It has to be said that the examples here are also (expectedly) beautiful, and unlike other programming books, they don't resort to a uninspiring aesthetic or to ugly sketches that no one wants to code. The sketches in this book are simply gorgeous and the kind of thing that probably made you want to get started with Processing in the first place.
The layout is also fantastic, with clear pointers to what each part of the code means and does, not to mention great full color representations of the sketches variations.
It's very hard for me not to recommend this book to any Processing programmer, or to any beginning Processing user, but I would have to say it might not be the best place to start. Having said that if you're interested in Processing or Generative Design you should go out and buy this book right now, it will leave you inspired for months and maybe years.
If you're just starting out then obviously the Processing website, examples and reference are a great starting point, as well as the Processing book by Reas & Fry. Following on from there Generative Design is like a more advanced text to the Reas and Fry version. Coupled with the examples provided on the companion website (freely downloadable), and the fact they upgraded the code in this English text to Processing 2.0 really make this text a current and useful tool.
And while I do love the artist pages at the beginning of the book I can't help but feel it wouldn't have been a loss if they were omitted. That's just a personal opinion (and my reason for 4 stars), as the focus for me here and the real attraction to the book is the 'textbook' part. If anything it would have made it more 'backpackable' - enabling it to be taken on the go with less strain on the shoulders.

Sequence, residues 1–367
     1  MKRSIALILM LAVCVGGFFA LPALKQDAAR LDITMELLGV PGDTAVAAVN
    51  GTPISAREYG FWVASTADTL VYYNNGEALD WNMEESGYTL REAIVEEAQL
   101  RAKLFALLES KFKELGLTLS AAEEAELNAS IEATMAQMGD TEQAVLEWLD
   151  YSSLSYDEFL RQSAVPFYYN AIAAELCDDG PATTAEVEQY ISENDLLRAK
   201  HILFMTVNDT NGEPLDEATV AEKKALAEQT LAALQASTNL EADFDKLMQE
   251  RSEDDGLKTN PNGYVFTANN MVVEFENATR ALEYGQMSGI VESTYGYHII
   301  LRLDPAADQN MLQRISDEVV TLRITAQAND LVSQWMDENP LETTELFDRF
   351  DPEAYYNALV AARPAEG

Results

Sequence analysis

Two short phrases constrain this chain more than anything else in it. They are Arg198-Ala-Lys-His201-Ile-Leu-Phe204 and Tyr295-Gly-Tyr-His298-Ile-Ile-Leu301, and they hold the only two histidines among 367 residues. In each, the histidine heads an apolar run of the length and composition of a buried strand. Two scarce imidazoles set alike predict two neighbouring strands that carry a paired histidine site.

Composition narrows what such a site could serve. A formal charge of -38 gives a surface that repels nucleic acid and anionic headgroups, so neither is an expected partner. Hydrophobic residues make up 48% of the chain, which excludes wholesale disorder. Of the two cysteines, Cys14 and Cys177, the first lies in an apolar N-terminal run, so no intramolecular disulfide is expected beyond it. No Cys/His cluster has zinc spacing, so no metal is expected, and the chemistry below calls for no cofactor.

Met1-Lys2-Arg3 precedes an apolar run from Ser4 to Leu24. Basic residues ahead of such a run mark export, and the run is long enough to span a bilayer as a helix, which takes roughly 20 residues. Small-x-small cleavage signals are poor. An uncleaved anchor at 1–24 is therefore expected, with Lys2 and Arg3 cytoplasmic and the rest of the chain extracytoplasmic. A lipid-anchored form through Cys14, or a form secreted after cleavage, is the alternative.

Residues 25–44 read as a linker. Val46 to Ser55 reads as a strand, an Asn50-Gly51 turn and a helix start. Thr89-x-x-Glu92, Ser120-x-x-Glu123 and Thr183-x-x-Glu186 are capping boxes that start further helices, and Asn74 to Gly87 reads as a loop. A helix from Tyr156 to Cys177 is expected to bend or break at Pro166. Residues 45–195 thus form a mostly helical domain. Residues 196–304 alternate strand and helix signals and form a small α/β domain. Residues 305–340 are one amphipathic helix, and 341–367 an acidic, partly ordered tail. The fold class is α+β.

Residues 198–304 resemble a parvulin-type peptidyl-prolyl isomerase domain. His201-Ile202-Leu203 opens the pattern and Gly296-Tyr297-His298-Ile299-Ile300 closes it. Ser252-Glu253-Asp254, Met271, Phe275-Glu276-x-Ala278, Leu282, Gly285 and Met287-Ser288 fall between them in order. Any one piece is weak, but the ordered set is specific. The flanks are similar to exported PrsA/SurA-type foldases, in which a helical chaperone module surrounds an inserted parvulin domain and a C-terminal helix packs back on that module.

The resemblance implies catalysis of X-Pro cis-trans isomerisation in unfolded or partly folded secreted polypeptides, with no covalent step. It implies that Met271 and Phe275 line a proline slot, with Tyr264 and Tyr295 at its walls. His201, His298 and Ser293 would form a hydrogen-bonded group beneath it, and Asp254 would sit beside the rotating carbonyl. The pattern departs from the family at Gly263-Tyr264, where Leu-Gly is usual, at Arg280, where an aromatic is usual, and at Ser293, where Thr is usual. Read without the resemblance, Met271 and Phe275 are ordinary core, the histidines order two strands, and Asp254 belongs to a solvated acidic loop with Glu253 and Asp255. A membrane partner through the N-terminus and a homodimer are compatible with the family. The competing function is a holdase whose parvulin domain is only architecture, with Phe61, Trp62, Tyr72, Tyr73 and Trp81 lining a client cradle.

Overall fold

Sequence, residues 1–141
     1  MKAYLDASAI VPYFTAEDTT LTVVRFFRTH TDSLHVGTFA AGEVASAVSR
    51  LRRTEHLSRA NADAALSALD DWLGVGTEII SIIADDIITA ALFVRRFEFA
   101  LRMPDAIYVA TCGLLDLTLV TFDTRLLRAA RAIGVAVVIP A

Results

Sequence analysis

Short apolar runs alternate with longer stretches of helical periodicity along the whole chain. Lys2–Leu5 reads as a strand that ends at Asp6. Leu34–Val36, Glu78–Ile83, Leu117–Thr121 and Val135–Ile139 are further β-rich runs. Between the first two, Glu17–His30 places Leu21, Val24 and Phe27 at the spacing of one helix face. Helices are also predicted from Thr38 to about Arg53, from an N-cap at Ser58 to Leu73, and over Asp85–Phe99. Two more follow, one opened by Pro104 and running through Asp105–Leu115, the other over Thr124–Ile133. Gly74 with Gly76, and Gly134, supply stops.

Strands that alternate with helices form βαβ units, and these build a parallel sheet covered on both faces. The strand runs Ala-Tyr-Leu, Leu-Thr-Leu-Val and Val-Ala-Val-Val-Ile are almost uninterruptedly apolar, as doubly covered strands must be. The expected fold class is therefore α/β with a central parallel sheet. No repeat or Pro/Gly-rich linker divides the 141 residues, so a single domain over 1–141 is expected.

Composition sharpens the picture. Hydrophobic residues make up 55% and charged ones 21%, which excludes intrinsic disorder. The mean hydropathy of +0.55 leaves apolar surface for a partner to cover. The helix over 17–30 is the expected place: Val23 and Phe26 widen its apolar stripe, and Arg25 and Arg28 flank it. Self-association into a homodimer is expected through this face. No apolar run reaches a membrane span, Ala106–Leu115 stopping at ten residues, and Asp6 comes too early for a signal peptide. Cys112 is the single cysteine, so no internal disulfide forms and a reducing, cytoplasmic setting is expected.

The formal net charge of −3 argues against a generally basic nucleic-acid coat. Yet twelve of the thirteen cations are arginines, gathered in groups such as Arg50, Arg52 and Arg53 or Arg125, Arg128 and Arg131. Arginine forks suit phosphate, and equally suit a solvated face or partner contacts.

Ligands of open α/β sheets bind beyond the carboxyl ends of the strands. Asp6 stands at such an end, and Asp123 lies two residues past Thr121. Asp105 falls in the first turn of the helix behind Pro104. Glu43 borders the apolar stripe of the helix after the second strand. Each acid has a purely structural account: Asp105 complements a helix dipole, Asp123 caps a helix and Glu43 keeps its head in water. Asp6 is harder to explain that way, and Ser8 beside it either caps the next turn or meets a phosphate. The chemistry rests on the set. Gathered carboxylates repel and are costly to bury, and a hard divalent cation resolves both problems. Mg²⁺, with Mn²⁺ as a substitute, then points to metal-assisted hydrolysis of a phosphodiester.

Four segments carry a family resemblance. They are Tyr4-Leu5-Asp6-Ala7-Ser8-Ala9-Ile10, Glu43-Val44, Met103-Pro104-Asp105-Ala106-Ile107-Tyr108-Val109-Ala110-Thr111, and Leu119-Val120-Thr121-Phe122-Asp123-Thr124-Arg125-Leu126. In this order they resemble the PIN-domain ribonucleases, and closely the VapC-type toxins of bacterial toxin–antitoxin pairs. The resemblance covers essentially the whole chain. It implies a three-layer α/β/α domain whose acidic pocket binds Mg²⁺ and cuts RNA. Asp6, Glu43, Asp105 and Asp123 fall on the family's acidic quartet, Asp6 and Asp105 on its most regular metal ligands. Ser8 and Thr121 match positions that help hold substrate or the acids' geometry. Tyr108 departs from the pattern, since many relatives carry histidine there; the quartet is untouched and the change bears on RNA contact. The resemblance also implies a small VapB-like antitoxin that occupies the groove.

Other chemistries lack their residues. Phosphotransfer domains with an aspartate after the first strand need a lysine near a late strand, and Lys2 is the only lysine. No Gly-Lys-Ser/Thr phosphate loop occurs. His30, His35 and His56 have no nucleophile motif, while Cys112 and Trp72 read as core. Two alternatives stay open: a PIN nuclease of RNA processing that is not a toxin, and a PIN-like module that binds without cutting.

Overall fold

I've yet to scour the book from end to end so this is more of general vibe of what it's like in person.
An absolutely fabulous text and a book worth keeping for life, that will certainly sit as a crucial text in the processing lineage along with DBN, Creative Code and the Processing Programming Handbook.
There are other books that are better for teaching basic concepts in a methodical way (Daniel Shiffman does a great job with Learning Processing and then The Nature of Code), but this book is great to add to the collection for its variety of inspiring examples. Most of the works have walkthroughs of the code side by side, and the actual source code is available to download as well. If you're interested in Processing or generative art, I can't recommend this book enough.
The book's layout and design are beautiful and easy to read. The paper and print are of high quality. This is a large book and is a great supplement to a course in the Processing programming language. Well worth the money.
Most recent customer reviews
A must have if you like design and printing!!!